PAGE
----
European finance ministers meet today to discuss solutions to Greece’s debt crisis as markets ratchet up the pressure on the eurozone’s other indebted nations, Italy and Spain.
The group of 17 eurozone finance ministers will continue negotiating how public and private sector investors could ease Greece’s debt woes without prompting rating agencies to label the changes a default.
Germany, the Netherlands, Austria and Finland are determined that banks, insurers and other private holders of Greek government bonds should bear a chunk of the costs of a second Greek bailout, which is expected to total €110bn (£98bn) – on top of its previous €110bn bailout.
But after weeks of negotiations with bankers, there has been next to no progress on agreeing a formula acceptable to all sides.
And the market is now become risk averse on government debt on several more of the eurozone’s weaker states.
Italian government bonds and stocks fell sharply on Monday as investors cut their exposure to Italy on fears the eurozone's third-biggest economy could be sucked into the bloc's sovereign debt crisis.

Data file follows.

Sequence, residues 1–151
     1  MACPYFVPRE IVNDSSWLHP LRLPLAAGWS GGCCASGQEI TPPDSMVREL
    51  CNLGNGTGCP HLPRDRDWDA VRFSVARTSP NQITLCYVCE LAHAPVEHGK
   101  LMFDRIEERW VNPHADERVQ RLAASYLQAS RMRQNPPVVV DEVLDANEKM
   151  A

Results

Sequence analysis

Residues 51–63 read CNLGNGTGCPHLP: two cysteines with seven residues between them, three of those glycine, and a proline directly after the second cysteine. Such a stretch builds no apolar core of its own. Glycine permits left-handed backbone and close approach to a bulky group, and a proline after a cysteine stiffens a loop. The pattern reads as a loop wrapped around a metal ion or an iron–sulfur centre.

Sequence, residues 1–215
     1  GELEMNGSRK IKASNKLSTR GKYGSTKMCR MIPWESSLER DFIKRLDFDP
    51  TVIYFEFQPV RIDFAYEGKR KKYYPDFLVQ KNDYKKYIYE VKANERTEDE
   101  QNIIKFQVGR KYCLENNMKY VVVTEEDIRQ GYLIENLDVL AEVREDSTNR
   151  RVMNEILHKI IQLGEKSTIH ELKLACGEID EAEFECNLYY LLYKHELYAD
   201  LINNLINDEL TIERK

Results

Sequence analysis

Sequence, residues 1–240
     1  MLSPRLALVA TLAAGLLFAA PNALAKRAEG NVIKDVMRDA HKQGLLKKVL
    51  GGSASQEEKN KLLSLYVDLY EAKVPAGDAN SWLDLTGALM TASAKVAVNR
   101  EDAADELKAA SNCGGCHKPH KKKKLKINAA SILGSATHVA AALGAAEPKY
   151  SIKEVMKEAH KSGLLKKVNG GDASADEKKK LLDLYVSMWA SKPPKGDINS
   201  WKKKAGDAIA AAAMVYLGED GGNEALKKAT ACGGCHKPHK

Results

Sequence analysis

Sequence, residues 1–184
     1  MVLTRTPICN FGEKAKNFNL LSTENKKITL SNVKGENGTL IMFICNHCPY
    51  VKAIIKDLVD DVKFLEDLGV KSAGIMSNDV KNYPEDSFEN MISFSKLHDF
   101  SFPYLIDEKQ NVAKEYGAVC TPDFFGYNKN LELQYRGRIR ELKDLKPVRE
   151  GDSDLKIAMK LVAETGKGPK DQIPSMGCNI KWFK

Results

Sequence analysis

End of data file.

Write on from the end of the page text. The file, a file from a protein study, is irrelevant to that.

The premium investors demand to hold Italian paper rather than low-risk German debt rose to a new euro lifetime high, pushing up financing costs for Italy – which has one of the highest public debts in the world – and its banks.
Spain, Ireland and now Belgium are also in the firing line and seeing their sovereign bond yields rising as investors bet they will also struggle to repay their debt.
Policymakers fear that any further delay in putting together a second Greek package could poison investor confidence in weak economies around the region.